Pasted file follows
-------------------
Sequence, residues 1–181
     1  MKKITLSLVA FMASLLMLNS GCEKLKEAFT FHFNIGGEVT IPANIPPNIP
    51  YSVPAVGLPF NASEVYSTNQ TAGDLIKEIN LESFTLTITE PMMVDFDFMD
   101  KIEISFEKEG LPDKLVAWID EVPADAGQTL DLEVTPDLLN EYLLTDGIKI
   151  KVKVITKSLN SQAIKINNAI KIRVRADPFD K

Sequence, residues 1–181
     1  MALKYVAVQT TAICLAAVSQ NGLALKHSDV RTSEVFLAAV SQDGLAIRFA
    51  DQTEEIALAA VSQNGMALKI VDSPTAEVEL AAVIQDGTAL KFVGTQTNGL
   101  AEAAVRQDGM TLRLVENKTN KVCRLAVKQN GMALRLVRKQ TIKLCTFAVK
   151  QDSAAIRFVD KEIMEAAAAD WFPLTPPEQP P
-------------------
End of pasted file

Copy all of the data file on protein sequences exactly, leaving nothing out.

Sequence, residues 1–181
     1  MKKITLSLVA FMASLLMLNS GCEKLKEAFT FHFNIGGEVT IPANIPPNIP
    51  YSVPAVGLPF NASEVYSTNQ TAGDLIKEIN LESFTLTITE PMMVDFDFMD
   101  KIEISFEKEG LPDKLVAWID EVPADAGQTL DLEVTPDLLN EYLLTDGIKI
   151  KVKVITKSLN SQAIKINNAI KIRVRADPFD K

Sequence, residues 1–181
     1  MALKYVAVQT TAICLAAVSQ NGLALKHSDV RTSEVFLAAV SQDGLAIRFA
    51  DQTEEIALAA VSQNGMALKI VDSPTAEVEL AAVIQDGTAL KFVGTQTNGL
   101  AEAAVRQDGM TLRLVENKTN KVCRLAVKQN GMALRLVRKQ TIKLCTFAVK
   151  QDSAAIRFVD KEIMEAAAAD WFPLTPPEQP P